Where an AI system is deemed high-risk, then providers will have an extensive range of obligations. These include requirements relating to the quality of training and testing data, documentation and record-keeping, transparency, human oversight, product safety, accuracy of outputs and security, alongside the need to register each AI system on a Commission-managed database.
Overlaying these requirements is a general obligation for providers to put in place a quality management system. This is can be interpreted as being a wide-ranging governance framework which ensures adherence to the regulation, including the development of a compliance strategy, appropriate controls and techniques to manage high risk AI systems and for determining responsibilities amongst the provider’s management team.
While users have fewer obligations, they are still expected to use AI systems in accordance with the instructions disclosed by the provider, in order to address any residual risks which exist. Equally, they must undertake data protection impact assessments where personal data is involved and perform ongoing monitoring of the performance of AI systems.
Where AI systems are not deemed to be high-risk, but are still intended to interact with individuals, then additional requirements relating to algorithmic transparency will apply.
This will always include the need for the provider to ensure that its software is designed in such a way as to ensure that the affected individuals are notified that they are interacting with an AI system. In addition, users will need to disclose other information where the systems are utilising either emotional recognition or manipulative content (e.g. ‘deep-fakes’).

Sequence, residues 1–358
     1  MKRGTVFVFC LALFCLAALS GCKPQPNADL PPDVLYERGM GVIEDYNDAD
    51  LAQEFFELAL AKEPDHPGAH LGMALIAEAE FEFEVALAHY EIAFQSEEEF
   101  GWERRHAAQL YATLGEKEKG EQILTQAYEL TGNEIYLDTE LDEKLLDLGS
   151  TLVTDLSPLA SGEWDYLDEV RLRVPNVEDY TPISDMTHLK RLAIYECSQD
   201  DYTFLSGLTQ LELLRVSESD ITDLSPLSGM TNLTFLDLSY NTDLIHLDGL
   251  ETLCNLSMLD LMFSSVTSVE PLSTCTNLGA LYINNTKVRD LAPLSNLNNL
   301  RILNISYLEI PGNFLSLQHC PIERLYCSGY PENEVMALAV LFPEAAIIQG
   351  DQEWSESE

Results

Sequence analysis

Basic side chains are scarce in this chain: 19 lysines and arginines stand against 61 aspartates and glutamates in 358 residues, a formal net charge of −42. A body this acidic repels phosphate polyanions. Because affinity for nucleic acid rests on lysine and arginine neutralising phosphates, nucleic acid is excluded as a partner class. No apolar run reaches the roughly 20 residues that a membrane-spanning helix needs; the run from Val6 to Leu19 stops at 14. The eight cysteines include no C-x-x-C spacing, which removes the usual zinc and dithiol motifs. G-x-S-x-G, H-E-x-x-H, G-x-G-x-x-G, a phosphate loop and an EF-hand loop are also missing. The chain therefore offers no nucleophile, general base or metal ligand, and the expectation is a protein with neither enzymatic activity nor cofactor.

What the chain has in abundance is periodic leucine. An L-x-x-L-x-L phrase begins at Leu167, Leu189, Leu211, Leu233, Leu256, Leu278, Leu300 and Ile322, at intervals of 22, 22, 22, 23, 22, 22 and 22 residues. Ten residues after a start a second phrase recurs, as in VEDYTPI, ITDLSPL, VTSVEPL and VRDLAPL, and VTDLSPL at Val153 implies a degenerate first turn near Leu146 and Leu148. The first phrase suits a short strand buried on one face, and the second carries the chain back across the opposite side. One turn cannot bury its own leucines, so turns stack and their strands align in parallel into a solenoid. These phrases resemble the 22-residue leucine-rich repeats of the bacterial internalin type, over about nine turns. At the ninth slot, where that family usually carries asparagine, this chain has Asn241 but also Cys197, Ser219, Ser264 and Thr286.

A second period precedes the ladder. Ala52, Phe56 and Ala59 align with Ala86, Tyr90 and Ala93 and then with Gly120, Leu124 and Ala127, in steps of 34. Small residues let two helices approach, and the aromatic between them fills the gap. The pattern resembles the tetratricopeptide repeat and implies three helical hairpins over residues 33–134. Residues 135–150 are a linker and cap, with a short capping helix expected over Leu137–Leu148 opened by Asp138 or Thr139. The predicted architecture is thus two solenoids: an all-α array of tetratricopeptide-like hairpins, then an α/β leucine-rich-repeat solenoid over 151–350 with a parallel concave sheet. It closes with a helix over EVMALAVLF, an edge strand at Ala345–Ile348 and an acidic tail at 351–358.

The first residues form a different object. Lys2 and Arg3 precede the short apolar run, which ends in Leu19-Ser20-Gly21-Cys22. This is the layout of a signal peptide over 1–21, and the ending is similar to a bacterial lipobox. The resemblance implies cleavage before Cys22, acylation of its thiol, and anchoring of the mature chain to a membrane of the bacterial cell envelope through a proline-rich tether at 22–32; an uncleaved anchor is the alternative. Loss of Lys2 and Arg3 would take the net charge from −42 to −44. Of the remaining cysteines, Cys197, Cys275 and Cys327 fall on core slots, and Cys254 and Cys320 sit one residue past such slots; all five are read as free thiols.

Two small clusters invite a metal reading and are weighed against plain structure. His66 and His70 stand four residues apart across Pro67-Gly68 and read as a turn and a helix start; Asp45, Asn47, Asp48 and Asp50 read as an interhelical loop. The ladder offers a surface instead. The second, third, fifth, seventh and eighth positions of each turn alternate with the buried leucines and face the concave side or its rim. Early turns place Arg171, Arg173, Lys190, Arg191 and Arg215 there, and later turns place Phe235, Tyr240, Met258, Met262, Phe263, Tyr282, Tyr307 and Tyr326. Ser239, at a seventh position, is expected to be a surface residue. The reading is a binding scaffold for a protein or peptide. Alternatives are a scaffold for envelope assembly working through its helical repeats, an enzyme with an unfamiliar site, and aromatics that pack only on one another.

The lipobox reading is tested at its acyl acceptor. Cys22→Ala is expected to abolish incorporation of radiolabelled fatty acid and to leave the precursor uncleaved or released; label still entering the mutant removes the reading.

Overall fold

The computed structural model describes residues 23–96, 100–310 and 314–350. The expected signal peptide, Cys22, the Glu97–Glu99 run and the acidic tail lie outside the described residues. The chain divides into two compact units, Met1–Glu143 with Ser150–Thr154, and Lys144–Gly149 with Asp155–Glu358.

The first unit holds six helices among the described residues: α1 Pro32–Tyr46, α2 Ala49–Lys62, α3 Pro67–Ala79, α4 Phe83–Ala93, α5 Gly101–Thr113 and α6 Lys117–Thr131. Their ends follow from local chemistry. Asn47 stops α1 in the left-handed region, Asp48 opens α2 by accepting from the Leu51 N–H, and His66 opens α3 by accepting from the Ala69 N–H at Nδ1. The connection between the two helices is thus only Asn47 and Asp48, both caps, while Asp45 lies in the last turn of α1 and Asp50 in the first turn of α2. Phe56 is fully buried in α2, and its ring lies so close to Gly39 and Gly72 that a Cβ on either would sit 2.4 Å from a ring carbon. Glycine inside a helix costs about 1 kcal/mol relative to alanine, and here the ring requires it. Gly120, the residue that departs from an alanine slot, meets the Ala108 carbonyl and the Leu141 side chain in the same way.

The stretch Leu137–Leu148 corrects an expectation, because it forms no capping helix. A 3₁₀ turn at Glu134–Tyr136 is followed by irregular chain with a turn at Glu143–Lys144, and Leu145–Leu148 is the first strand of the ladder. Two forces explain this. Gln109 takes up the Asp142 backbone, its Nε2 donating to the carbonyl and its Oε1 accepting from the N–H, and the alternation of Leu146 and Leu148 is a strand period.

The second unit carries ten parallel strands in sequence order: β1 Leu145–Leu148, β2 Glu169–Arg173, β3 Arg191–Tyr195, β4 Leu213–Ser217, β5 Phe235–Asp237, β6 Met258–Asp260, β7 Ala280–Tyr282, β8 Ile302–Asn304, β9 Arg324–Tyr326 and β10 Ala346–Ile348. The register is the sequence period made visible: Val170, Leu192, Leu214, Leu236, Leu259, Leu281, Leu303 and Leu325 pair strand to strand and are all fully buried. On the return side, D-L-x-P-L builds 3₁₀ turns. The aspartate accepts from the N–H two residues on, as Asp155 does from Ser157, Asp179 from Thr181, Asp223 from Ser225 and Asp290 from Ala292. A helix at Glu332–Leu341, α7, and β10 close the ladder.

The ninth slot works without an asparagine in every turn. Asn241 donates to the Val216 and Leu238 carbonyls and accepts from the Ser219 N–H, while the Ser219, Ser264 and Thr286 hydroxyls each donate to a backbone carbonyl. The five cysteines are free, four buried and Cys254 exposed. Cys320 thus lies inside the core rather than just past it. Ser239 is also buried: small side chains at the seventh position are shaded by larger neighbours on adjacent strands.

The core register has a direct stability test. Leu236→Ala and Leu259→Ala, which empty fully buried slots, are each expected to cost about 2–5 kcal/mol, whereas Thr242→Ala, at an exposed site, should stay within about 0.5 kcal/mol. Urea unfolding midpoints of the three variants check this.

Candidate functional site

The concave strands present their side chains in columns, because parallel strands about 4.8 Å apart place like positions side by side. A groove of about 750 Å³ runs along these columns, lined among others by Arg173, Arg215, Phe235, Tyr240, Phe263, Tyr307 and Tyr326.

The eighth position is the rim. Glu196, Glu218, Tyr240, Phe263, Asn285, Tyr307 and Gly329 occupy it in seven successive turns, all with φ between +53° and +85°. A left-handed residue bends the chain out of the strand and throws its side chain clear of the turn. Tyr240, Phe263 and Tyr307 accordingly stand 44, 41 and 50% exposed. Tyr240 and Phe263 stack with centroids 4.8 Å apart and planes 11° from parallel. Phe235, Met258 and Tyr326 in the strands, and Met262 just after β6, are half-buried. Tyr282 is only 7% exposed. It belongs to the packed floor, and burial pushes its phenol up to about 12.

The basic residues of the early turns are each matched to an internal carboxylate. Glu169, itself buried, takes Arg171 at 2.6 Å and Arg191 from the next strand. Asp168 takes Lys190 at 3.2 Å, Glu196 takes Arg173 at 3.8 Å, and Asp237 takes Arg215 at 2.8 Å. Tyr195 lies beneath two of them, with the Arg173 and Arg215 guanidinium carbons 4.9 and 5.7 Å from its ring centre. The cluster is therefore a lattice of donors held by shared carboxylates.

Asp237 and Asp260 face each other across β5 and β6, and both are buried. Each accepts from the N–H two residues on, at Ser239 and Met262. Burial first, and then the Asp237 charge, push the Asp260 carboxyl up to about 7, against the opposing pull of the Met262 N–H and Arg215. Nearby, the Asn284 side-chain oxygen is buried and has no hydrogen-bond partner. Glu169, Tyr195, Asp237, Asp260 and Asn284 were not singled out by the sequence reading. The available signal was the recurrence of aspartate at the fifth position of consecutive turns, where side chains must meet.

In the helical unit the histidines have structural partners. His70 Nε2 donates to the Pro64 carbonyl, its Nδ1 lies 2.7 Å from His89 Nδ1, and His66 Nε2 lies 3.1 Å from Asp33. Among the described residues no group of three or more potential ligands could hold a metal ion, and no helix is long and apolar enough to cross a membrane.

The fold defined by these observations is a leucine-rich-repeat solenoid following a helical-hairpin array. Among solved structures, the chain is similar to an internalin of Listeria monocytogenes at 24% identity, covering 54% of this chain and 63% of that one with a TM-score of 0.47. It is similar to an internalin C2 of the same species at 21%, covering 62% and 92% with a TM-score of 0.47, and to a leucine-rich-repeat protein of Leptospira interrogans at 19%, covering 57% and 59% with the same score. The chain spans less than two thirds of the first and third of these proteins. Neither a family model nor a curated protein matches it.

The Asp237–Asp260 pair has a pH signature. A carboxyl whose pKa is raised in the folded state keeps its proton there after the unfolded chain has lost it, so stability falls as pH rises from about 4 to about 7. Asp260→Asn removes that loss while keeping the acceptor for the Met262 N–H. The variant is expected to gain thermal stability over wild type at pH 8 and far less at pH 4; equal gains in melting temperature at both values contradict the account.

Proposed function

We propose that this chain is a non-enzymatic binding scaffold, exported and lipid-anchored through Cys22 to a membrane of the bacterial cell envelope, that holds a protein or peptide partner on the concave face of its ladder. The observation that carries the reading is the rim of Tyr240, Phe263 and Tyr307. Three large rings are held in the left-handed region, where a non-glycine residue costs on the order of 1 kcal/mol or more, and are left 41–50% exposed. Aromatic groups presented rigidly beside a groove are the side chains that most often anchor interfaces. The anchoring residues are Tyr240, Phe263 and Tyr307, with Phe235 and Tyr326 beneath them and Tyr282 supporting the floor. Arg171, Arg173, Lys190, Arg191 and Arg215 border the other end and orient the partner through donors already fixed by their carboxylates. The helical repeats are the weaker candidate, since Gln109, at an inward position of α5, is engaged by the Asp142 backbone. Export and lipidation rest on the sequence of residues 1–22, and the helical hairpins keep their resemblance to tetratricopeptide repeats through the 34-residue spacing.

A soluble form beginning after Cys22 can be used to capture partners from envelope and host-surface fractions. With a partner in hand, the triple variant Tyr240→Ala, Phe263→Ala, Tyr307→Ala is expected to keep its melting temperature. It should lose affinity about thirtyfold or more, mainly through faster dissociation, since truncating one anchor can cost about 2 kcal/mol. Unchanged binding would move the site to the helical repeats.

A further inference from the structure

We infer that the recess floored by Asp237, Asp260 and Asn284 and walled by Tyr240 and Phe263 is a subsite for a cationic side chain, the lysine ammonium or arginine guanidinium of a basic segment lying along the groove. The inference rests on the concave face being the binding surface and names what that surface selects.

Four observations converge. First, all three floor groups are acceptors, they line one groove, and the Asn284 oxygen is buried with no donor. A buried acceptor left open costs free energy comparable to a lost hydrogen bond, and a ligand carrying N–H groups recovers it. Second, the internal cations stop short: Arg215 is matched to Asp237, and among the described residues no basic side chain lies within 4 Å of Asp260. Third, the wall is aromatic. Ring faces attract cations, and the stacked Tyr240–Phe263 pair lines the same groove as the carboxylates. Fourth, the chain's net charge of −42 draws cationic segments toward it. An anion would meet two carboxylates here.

Supervision and sanctions
In order to supervise the new regulation, the Commission intends to establish a European Artificial Intelligence Board, which will have the remit of ensuring the consistent application of the regulation across EU Member States and working alongside other bodies such as the EDPB.
Each Member State will also be expected to appoint one or more competent authorities to supervise compliance at a national level. These authorities will have the power to issue fines and other forms of penalty which will generally be determined at a Member State level. However, where the infringement relates to the undertaking of prohibited AI practices or the supply of incorrect or false information to notified bodies, then the regulation states that fines of up to €20m or 4% of global turnover can be applied.
The formal announcement of the proposals by the Commission is expected to take place next Wednesday 21 April. Following that it is likely that the draft regulation will be subject to a period of public consultation and trilogue negotiations with the EU Council and EU Parliament.
Our series on AI regulation
This article is part two of a series of articles, which is examining the existing and emerging legal challenges associated with AI and algorithmic decision-making. Part one can be accessed here.
Authored by Dan Whitehead.